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MSRP versus actual selling price

1498 Views 5 Replies 4 Participants Last post by  PotOdds
I know this is probably dependent upon your region and your negiotiating skills but what's the ballpark selling price of some of the following bikes?

2006 Specialized Stumpjumper Disc, MSRP $1600
2006 Trek 8000, MSRP $1539.99
2006 Trek 6700, MSRP $1099.99
2006 GF Big Sur, MSRP, $1539.99
2006 GF HKEK, MSRP $1099.99

Trying to get an idea of how prices compared between LBS and online.
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Well since they're this years prices then at most lbs's that's fairly close to what it'll cost you if your prices are correct. The markup at most lbs's isn't that much and having good negotiating skills plays about zero part in getting a different price than what's quoted. If you try and equate an lbs to a car dealership in terms of haggling/price markup/dealer incentives then you'll be sadly mistaken.
Prices are straight from the website. Last time I bought my bike was back in '98. I don't remember what the MSRP was.

It's interesting that you should say that. I thought it might be different. A number of online stores quote actual selling prices much lower than MSRP. In fact, the ad to my right advertises a 2006 Iron Horse 7.5 from Randall Scott which sells for $2649 from a listed $3299.99. IBEX does the same.
Well, depends on a few key factors.

Most important-it's not how long the shop has sat on the bike in question but When they bought it. Most shop owners work on a pretty tight margin and the discounts passed on to the consumer reflect this.

Items bought early in a model year generally cost the shop owner close to standard wholesale price-i.e there's not a lot of wiggle room around the msrp (a few hundred dollars here and there).

However, models purchased by the shop in the late summer (this does not include early releases of next year's models) are generally closeouts/ left overs sold at heavily discounted wholesale prices to the dealer who can-if they so choose to pass a chunk of that savings on to the consumer.

The kicker here is that not every shop gets a shot at purchasing these closeout models-as they are generally offered first and foremost to particularly loyal and aggressive hawkers of a given line. Randall Scott-seems a good example of this-longtime, loyal, particularly high profile, and I'd think relatively sizeable dealer of Iron Horse bikes undoubtedly gets first shot at purchasing topflight closeout models-hence the 600 discount. They also get a discount up front for purchasing a big chunk of a given line as well.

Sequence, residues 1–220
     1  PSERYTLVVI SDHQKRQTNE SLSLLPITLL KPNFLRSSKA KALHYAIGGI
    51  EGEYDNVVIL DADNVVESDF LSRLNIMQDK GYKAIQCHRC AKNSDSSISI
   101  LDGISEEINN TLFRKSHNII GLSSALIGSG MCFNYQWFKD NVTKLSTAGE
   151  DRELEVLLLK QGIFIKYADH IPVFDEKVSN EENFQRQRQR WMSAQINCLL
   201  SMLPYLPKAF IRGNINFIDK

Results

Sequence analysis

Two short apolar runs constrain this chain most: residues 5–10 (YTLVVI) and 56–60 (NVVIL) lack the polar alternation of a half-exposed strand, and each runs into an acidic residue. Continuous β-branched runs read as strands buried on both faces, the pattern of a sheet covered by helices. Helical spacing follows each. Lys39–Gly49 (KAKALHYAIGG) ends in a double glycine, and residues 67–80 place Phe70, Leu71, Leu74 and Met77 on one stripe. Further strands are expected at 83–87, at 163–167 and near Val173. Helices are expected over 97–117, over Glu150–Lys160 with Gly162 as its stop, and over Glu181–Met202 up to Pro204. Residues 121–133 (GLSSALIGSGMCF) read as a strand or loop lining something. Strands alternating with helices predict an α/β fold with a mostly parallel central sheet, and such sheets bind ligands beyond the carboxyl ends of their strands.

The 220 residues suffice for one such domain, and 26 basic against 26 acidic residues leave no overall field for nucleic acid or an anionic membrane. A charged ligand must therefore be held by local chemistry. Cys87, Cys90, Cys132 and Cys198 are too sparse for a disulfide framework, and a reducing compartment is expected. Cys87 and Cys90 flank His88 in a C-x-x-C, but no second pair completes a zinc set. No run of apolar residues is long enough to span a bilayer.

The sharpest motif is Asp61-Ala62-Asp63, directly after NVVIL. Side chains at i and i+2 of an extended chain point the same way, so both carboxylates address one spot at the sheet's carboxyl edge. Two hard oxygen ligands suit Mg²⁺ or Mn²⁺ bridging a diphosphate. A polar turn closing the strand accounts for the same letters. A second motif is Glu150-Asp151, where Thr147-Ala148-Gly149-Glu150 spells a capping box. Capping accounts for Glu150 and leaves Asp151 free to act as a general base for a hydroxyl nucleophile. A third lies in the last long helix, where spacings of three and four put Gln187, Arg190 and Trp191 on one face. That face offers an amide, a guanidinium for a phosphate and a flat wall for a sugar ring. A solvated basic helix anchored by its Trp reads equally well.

Bottom line-how much wiggle room there is surrounding a bike's MSRP depends on how much the dealer paid for the bike an question, and as a subset factor-who the dealer in question is. Even a bike that's sat in a shop for a while is less likely to see a heavy discount than a newer bike that an owner bought at closeout discounts (they have a set margin for each item--unless the situation has become hopeless--but you'd be surprised how patient most LBS's can be!).

Final thought:-higher priced bikes tend to have greater discounts and lower price bikes do not--afterall-there's only so many 3000.00 plus bikes that any manufacture can sell at full retail--and, as the price goes up-the consumer becomes more demanding and more careful of their purchase. And is why most shops know that in the long and short run they fare better in profit margin and customer satisfaction by selling 5 $600.00 bikes than one $3000.00 bike.
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Like was said, current year models before clearance time, means no big discounts. If you pay with cash, they may knock of some, since they dont have to pay the CC fees. probably 5% or less. I think markup on a bike is arround 30%, but when you figgure it takes an hour to an hour and a half for a good shop to put the bike togethor, space it takes up, overhead, etc. the shop doesnt really end up making a whole bunch, especially if they are a smaller shop.

Figgure a 1500 bike may cost them about 1150-1200. Add in an hours worth of work/time, and then any adjustments/tuning when you buy it, really they only make a couple hundred bucks on a bike, and they have to pay rent with that money.

Good analysis, SuperbMan.
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